Report: Bradley to Toronto done, set to earn $6.5 million per season after $7-$10 million transfer fee

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Within a matter of hours, Michael Bradley’s switch to Toronto FC has gone from Twitter sensation to verified move, with sources confirming to ESPN that the 26-year-old midfielder is on his way back to Major League Soccer. For a fee of between $7 and $10 million, the Reds are set to acquire the 82-time U.S. international from Italy’s AS Roma, with Bradley set to earn near-$6.5 million per season at BMO Field.

As with anything that hasn’t been officially announced, the exact numbers are still blurry. Reports have Bradley’s contract in Toronto as either a five- or six-year deal. While one source is telling ESPN that Roma will get $7 million to allow Bradley to return to MLS, league sources are saying Roma will get “in excess of $10 million” for a player they bought from Chievo in the summer of 2012.

[MORE: Michael Bradley-to-Toronto: Take a moment to suspend your whys, consider how far MLS has come]

Bradley’s reported salary would be a huge step up from the wages he garnered at Roma. Paid €800,000 after tax in Italy (roughly $1.1 million), the former Metro Stars midfielder would be making between five- and six-times more money to shift back to Major League Soccer. While they’ll certainly be questions about the motives of a 26-year-old midfielder swapping Serie A for Toronto FC, the pure financial motivation makes it difficult to argue with Bradley’s move.

One lingering question with the deal is who will pay the transfer fee, though if the Clint Dempsey example is any indication, Major League Soccer may have again broken out the checkbook. While it was initially assumed the Seattle Sounders had paid the price of Dempsey’s summer acquisition from Tottenham, reporting by Sports Illustrated later revealed the league had paid the former Spur’s transfer fee. As the 2013 season progressed, it was revealed other teams had benefitted from new policies allowing the league to pay part or all of certain players’ transfer fees.

One remaining snag for Toronto is their Designated Player situation. With the acquisition of Jermain Defoe, Toronto have used up their allotment of DP slots, with the former Spurs striker joining Matias Laba and Gilberto on the Reds’ books. Laba, an Argentine midfielder brought in under Kevin Payne, appears to be the on his way out, with Toronto looking for a  home for the 22-year-old former Argentinos Juniors midfielder. If he can’t be traded, Laba’s contract will have to be renegotiated (or, its salary cap hit paid down by allocation money) to make room for Bradley.

source: AP
Tim Leiweke, seen here at the announcement of the NBA’s 2015 All-Star Game in Toronto, has taken two steps toward reversing the exodus out of BMO Field. (Source: AP.)

It’s an unfortunate externality of the Bradley transaction, but with the former Heerenveen, Borussia Moenchengladbach, and Aston Villa midfielder returning to Major League Soccer for the first time since 2005, it’s a small price to play to add a marquee name. Bradley not only becomes a focal point in midfield for Ryan Nelsen’s team, but he also represents a huge acquisition for Tim Leiweke – the Maple Leafs Sports & Entertainment chief executive who is overseeing the revitalization of TFC.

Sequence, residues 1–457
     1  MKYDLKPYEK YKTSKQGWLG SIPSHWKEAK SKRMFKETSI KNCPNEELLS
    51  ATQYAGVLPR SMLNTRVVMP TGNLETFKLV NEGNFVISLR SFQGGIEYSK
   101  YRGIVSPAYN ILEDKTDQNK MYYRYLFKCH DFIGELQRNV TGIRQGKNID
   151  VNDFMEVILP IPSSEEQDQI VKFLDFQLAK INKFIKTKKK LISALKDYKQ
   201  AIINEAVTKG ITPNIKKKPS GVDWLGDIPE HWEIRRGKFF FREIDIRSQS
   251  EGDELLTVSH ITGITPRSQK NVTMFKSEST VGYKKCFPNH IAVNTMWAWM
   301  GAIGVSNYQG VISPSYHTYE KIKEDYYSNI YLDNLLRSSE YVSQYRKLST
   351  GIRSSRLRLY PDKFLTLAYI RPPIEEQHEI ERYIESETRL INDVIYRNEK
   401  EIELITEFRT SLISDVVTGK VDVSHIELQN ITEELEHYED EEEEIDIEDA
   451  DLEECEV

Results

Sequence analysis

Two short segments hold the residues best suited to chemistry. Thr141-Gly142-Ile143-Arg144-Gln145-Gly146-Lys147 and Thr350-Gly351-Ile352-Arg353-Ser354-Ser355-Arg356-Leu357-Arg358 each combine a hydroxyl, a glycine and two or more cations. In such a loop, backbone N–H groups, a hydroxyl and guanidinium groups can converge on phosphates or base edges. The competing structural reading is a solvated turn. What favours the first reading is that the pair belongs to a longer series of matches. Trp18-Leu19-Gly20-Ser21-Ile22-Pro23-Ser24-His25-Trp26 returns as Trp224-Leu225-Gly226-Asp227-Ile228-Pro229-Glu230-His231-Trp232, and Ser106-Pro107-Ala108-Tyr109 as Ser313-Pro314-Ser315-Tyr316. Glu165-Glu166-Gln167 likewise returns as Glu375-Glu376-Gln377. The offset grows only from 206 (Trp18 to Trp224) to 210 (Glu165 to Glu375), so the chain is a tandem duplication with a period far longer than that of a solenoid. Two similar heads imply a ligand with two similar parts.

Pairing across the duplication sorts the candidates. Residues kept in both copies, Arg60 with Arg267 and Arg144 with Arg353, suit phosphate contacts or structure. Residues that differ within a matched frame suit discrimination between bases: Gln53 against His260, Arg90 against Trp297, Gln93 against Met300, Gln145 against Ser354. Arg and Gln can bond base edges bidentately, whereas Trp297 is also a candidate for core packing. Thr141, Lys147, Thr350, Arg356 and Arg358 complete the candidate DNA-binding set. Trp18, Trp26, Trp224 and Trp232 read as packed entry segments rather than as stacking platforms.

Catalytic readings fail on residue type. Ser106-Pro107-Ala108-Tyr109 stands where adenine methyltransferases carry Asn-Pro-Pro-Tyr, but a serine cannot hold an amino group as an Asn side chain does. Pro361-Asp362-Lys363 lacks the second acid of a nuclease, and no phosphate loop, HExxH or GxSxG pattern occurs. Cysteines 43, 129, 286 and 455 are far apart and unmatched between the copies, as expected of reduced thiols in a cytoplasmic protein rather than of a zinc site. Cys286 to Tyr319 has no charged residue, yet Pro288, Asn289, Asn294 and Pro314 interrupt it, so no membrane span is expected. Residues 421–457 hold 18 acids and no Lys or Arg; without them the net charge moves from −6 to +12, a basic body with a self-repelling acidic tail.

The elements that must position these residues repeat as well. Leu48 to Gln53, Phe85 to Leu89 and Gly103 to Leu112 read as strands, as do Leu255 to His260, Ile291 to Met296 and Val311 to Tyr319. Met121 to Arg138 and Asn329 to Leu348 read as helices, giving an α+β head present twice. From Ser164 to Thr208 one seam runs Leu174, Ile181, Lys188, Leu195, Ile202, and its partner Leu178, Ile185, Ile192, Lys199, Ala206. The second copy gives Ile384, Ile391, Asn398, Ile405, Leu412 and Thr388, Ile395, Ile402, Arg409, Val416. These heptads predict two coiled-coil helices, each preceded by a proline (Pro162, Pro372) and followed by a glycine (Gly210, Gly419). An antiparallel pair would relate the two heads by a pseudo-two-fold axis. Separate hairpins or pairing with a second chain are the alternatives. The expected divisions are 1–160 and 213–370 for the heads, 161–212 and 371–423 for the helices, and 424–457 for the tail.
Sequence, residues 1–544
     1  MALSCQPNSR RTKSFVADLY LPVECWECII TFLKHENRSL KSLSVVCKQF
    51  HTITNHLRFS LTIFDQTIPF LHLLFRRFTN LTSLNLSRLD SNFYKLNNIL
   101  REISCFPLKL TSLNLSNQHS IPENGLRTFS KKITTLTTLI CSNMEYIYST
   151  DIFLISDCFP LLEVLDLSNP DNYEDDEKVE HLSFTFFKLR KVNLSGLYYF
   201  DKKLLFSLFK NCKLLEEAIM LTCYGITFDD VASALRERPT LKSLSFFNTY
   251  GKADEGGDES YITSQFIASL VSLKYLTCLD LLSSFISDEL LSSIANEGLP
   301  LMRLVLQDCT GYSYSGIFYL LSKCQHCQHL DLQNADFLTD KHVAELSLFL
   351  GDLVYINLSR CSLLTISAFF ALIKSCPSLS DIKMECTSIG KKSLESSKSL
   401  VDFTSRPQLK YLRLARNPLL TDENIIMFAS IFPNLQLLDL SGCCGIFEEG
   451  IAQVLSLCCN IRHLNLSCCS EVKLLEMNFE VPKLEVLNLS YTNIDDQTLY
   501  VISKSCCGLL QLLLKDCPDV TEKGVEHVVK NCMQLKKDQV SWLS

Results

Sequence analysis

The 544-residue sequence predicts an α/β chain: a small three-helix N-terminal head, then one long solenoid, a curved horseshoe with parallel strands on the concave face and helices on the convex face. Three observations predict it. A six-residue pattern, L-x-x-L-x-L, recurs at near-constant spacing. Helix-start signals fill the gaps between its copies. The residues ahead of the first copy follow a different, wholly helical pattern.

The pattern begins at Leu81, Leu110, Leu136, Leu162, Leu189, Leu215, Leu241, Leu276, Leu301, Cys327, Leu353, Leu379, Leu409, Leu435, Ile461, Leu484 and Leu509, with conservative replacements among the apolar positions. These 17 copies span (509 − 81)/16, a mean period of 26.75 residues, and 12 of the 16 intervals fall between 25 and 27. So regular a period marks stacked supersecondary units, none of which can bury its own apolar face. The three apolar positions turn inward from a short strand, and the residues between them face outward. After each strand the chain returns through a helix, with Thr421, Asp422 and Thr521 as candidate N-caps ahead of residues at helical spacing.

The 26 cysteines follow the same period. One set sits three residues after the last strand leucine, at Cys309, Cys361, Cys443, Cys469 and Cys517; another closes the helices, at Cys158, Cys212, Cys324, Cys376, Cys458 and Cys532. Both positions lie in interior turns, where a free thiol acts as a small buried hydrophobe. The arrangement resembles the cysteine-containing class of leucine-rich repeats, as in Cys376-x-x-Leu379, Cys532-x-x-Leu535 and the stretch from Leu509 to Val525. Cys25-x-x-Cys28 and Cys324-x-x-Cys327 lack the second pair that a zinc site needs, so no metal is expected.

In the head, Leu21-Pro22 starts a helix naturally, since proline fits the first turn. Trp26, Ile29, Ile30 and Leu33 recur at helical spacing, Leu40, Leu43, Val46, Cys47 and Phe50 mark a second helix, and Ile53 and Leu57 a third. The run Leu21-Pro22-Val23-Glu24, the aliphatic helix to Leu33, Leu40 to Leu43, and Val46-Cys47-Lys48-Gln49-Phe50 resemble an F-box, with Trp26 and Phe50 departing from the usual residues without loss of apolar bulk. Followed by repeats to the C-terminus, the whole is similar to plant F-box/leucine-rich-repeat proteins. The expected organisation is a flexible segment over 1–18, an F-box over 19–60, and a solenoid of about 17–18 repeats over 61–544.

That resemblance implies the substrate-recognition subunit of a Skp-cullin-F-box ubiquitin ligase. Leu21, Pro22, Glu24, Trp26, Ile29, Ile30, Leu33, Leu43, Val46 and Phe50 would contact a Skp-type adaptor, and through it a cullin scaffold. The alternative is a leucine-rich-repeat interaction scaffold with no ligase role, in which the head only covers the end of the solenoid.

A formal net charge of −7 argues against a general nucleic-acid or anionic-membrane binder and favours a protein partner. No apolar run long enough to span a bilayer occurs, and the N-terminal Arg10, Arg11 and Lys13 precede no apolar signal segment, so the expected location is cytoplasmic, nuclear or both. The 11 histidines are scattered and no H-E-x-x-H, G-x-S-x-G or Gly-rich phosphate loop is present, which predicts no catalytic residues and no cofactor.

Today, Leiweke’s taken two huge steps toward replicating the star power he accumulated in Los Angeles, where he served a similar, architect’s role. With the Galaxy, Leiweke was crucial to the acquisitions of David Beckham and Robbie Keane, and while Bradley and Defoe may not carry the same star power, their signings represent an instant credibility boost to a team that’s never made the playoffs.

[MORE: Defoe to Toronto FC official… and maybe Michael Bradley, too? (or “How Taylor Twellman broke Twitter”)]

That lack of success has translated into only 17 wins in the last three years, something that’s led to a major hit at BMO’s turnstiles. A team that regularly sold out their park over its first five years has seen a near-10 percent drop in attendance over the last two, with average crowds at Toronto games hitting an all-time low of 18,131 last season.

The acquisitions of Bradley and Defoe give Leiweke ammunition to reverse that trend. Not only has he given Toronto the type of talents they’ve never had in the franchise’s five-year history, but he’s also given supporters reason to halt the exodus from BMO Field.

Fulham owner withdraws offer to purchase Wembley Stadium

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Wembley Stadium is set to stay in the FA’s hands.

[READ: USMNT 1-1 Peru: Player Ratings]

The FA announced in a press release Wednesday that Fulham owner Shahid Kahn had withdrawn his offer of $790 million to purchase Wembley Stadium. Kahn first became interested in buying the stadium in February 2017, when he and FA CEO Martin Glenn met at the Superbowl. What followed was an informal offer to the FA Board of Directors before a formal offer was made.